Supplements for Your Dog
Supplements for Your Dog if you are a health-conscious individual, is probably something you may think about giving. Or perhaps you pay attention to which foods contain more of specific nutrients. But what about your dog? Does your dog need vitamin supplements besides their regular food? And if so, what type of supplements do they require?
To help you keep your dog healthy and happy, we take a deeper look at supplements for dogs in this article.
Does Your Dog Need Supplements?
Dogs typically get their vitamins from dog food. Commercial dog food diets labelled “balanced and complete” are particularly formulated to contain all the nutrients, vitamins, and minerals your dog requires.
Foods catering towards various life stages, such as senior dog food, adult dog food, and puppy food, have varying levels of specific vitamins, depending on the needs of that life stage. This is particularly important for large-breed puppy foods. These breeds can suffer from diseases such as hip dysplasia if their food contains minerals and vitamins that make them grow fast.
Before you give a dietary supplement to your dog, it is a good idea to speak to your vet. This way, you can see if they have any health conditions or nutritional deficiencies and if there are any particular supplements that can help.
You should not choose dog supplements randomly. For instance, if your dog is suffering from mobility and joint problems, a skin and coat supplement will not address the problem at hand. In addition, you need to make sure to maintain realistic expectations when using dog supplements. Consider them to be an addition to your dog’s diet instead of cure-alls or medications.
Specific Supplements for Dogs
You can give various kinds of supplements and vitamins to your dog. Some of the most common ones are fatty acids, multivitamins, probiotics, joint supplements, and fibre.
1. Omega 3 Supplements
Omega 3 fatty acids are an essential element of a dog’s diet. This is because they support good health and contribute to your pet’s heart, liver, brain, and kidney functions. Moreover, a lot of people believe that it helps dogs with skin allergies, enhances coat quality, and lowers inflammation. As a matter of fact, several dog parents use it for this particular purpose.
When it comes to Omega-3 supplements, you need to keep in mind that regular fish oil might not do the trick. Ideally, you should pick a formula with the right concentration of DHA and EPA based on the recommendations of your vet.
2. Omega 6
Omega 6 are fatty acids imperative to a dog’s diet. They are found in both plant and animal sources. Omega 6 fatty acids support normal immune function, growth, reproduction, and coat and skin health.
Glucosamine is one of the most popular supplements for dogs. It’s made from the shells of shellfish and can even be manufactured in the lab. You can find glucosamine in several forms, including treats, pills, or powders.
Glucosamine is an amino sugar that builds cartilage in the joints of dogs. A dog produces its own glucosamine naturally. However, the production levels are going to reduce as the dog’s age increases, generally resulting in sore and stiff joints.
A lot of individuals believe incorporating glucosamine supplements in a dog’s diet can help treat arthritis, increase mobility, and alleviate joint pain.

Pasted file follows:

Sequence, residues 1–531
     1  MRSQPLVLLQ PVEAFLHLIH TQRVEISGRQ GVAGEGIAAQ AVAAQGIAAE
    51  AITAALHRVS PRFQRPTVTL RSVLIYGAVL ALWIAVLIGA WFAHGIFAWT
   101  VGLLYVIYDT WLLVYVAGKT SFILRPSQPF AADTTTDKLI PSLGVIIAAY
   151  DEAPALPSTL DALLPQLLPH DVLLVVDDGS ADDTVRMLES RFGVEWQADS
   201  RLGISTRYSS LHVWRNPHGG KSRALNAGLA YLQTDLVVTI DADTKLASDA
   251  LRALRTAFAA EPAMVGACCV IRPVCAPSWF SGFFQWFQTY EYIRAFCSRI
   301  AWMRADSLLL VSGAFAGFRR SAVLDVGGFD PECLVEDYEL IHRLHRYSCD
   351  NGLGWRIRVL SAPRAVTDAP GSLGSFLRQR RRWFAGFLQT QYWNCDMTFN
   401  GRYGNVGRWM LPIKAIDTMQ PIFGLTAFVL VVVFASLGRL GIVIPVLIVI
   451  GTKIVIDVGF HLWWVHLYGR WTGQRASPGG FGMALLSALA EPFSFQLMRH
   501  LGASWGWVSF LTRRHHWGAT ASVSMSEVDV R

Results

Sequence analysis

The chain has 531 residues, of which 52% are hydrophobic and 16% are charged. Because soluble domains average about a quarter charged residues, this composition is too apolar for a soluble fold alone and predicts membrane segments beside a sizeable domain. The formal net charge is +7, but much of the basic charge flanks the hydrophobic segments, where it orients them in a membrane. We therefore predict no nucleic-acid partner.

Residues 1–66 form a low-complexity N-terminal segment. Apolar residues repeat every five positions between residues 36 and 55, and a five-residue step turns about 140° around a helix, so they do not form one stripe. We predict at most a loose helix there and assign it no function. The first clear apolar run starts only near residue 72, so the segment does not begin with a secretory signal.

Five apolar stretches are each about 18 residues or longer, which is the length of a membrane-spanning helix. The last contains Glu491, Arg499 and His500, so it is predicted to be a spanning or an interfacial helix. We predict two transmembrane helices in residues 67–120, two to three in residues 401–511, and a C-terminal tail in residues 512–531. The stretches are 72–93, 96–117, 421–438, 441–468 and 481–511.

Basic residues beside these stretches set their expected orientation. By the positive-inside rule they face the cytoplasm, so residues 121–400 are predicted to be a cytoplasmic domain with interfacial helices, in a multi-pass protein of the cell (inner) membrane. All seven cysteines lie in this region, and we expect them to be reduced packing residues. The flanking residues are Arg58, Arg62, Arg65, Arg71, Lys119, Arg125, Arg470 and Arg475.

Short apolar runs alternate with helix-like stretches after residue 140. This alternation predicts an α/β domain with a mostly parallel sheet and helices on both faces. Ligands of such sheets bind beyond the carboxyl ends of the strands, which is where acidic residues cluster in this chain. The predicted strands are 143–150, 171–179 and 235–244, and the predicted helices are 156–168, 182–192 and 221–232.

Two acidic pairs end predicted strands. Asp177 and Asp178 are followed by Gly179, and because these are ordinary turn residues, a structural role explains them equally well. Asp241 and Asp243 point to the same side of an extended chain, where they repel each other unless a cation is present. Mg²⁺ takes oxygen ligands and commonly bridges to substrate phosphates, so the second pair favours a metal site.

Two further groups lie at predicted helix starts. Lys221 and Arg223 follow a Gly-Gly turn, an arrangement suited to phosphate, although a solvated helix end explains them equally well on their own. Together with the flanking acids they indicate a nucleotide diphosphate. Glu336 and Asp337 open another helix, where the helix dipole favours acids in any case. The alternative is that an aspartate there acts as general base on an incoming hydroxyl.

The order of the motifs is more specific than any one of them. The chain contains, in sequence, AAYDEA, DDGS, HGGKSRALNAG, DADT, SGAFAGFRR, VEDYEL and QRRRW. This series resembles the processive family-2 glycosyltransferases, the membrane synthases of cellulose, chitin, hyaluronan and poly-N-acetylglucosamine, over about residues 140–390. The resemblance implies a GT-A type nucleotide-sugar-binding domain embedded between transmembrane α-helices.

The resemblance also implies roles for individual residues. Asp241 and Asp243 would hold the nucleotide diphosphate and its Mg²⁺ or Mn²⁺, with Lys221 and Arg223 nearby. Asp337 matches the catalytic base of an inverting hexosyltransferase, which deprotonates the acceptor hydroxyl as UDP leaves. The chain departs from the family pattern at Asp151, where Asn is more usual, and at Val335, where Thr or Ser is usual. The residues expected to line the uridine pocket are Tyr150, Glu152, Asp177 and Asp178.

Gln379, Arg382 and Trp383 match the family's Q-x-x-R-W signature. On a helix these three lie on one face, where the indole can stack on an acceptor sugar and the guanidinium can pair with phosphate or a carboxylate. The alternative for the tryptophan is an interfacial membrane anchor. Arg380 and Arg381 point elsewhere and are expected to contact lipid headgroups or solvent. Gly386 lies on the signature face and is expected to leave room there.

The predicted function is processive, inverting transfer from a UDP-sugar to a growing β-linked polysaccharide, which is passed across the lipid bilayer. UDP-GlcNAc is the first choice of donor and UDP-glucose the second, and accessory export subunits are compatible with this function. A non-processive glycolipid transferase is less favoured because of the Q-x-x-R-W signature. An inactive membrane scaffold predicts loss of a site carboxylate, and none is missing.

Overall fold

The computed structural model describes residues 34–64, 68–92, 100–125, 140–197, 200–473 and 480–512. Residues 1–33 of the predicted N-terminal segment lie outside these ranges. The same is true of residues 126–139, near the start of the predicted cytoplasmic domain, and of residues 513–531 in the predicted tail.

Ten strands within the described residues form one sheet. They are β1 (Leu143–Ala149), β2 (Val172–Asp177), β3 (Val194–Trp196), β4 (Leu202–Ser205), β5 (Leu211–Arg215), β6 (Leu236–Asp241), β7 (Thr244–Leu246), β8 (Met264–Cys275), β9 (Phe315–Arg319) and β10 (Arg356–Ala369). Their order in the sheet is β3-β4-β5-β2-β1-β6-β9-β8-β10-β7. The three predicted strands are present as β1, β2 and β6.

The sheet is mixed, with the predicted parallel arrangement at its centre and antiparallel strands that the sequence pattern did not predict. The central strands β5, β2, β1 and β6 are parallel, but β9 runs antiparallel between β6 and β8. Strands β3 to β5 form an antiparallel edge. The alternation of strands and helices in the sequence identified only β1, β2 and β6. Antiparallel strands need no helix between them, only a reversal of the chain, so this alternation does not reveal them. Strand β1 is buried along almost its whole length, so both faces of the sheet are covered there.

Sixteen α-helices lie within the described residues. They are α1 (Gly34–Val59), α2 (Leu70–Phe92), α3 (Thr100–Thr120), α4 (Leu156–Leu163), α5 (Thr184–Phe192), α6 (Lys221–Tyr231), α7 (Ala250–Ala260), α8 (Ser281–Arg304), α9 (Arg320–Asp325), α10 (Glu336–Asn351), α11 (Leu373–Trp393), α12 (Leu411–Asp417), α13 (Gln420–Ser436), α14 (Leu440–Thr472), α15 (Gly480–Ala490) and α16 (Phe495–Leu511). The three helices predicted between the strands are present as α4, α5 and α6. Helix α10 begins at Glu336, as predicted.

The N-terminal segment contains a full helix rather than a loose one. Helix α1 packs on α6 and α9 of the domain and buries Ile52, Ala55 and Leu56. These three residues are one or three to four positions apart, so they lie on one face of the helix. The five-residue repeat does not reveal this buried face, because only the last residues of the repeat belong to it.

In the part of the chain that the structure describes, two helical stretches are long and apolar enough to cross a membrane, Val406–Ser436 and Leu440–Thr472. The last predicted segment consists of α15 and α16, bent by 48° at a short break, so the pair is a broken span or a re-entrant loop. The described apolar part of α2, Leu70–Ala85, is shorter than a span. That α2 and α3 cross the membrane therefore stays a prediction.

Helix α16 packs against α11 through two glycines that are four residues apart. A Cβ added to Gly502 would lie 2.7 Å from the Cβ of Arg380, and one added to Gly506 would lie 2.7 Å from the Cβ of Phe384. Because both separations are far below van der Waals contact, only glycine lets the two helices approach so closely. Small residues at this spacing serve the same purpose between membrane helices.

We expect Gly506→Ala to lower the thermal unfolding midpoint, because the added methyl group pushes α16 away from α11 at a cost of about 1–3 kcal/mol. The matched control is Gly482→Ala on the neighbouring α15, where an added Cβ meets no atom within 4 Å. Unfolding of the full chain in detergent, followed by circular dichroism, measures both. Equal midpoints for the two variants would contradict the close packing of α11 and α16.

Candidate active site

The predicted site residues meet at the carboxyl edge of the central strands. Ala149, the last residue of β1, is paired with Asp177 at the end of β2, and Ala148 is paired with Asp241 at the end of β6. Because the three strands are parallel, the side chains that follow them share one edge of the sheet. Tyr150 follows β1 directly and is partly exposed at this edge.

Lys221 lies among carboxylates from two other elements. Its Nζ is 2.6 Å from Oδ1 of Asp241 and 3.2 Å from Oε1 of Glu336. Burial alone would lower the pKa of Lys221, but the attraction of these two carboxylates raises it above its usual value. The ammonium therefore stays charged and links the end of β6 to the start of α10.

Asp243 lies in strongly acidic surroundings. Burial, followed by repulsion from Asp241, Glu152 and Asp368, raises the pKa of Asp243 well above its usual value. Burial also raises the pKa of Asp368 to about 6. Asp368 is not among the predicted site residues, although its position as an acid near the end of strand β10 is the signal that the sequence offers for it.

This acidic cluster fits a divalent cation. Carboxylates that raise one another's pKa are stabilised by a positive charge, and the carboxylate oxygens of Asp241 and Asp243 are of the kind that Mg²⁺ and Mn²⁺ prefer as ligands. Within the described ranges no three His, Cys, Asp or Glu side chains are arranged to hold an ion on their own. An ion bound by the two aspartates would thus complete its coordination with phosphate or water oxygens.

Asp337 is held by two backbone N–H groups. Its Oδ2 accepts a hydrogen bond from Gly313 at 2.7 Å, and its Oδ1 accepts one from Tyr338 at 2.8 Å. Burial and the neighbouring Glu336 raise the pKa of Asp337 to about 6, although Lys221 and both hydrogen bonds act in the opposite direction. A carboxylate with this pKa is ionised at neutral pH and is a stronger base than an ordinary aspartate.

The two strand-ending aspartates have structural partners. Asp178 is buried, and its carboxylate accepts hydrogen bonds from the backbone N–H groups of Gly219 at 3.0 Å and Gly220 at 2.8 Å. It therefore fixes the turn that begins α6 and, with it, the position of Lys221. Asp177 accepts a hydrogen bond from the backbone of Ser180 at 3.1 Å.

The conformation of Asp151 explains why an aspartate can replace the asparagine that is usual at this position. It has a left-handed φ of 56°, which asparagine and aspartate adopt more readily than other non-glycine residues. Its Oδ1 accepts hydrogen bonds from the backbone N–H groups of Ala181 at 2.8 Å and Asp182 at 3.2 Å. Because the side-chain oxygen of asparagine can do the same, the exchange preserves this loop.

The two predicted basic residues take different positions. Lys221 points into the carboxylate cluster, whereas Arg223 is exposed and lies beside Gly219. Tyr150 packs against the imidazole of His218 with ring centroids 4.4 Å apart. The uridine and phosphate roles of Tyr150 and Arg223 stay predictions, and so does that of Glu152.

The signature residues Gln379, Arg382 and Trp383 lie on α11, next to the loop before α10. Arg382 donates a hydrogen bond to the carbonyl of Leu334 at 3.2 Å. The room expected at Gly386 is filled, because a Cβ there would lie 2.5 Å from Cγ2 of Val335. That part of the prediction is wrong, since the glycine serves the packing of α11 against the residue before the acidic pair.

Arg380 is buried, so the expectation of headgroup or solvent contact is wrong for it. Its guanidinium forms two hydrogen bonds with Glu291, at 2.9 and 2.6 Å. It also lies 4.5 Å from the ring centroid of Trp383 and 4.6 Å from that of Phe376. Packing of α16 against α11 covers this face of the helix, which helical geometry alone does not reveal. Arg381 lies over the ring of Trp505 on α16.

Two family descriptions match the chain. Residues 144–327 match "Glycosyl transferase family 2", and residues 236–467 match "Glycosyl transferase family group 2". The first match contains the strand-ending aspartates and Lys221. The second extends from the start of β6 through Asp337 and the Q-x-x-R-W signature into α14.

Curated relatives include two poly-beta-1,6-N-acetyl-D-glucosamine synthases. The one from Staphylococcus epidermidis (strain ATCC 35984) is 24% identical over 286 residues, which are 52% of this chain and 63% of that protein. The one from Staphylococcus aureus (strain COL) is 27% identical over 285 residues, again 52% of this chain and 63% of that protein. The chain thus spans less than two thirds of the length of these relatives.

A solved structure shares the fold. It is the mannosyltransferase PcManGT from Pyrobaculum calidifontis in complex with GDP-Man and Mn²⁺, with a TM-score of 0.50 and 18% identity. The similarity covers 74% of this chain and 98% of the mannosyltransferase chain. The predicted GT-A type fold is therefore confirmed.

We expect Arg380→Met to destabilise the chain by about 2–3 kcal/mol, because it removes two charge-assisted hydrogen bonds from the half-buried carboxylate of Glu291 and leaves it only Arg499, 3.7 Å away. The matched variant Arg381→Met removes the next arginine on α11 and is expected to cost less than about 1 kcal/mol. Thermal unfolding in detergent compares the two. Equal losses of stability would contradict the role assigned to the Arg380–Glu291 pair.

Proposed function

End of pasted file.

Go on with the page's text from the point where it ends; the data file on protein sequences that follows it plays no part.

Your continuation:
4. Vitamin B12
If your dog is experiencing health problems such as pancreatic issues or Inflammatory Bowel Disease, one supplement you should give your dog is Vitamin B12. A lot of dogs get sufficient Vitamin B12 from their diet as it is particularly found in meat (particularly organ meat), poultry, dairy products, eggs, and fish.
In healthy dogs, the intestines, kidneys, pancreas, and liver absorbs and stores Vitamin B12. However, in sick dogs, those with pancreatic problems or IBD, their organs might not be able to perform this function effectively. This can eventually result in a deficiency of Vitamin B12.
5. Calcium and Vitamin D
The right amounts of calcium in a dog are important as they positively contribute to their overall bone health, growth, teeth function and a lot more. If their current diet doesn’t have calcium-rich ingredients such as eggs, ground bone, vegetables, and dairy products, then you should think about mineral and vitamin supplements for dogs. If your pet is not getting sufficient calcium, it could suffer from weakness, seizures, and muscle twitching.
There is slightly less clarity on Vitamin D and its impact on a dog’s health. It’s clear that excessive Vitamin D can be harmful to dogs. However, in the right doses, it promotes growth, helps maintain strong bones, and controls inflammation.
Making sure you know how much Vitamin D3 is presently part of your dog’s diet is crucial as it allows you to fill gaps with required supplements. A lot of individuals use multivitamins which often contain Vitamin D. Multivitamins for dogs are just like those consumed by humans. A lot of dog multivitamins have vitamins A, B, C, D, E, and K1 and some other minerals.
While using multivitamins is easy, you need to speak to your vet as it’s tough to regularise particular amounts of every individual vitamin, which can result in an overdose.
Probiotics are found in the body in the form of live bacteria and yeasts that facilitate intestinal health and digestion. As supplements, they are used to treat digestive problems such as diarrhoea. Probiotics are available in multiple forms, including capsules, powders, chews, yoghurt, etc.
Get the Right Supplements for Your Dog!
Whether lab-manufactured or herbal, there is evidence suggesting that supplements for dogs can be helpful in improving their health.
At Petnap, we have a vast range of supplements for puppies and bitches. Our products include herbal remedies for stress, anxiety, hyperactivity, nausea, etc. In addition, we have whelping supplement kits for bitches who have just given birth and need some extra care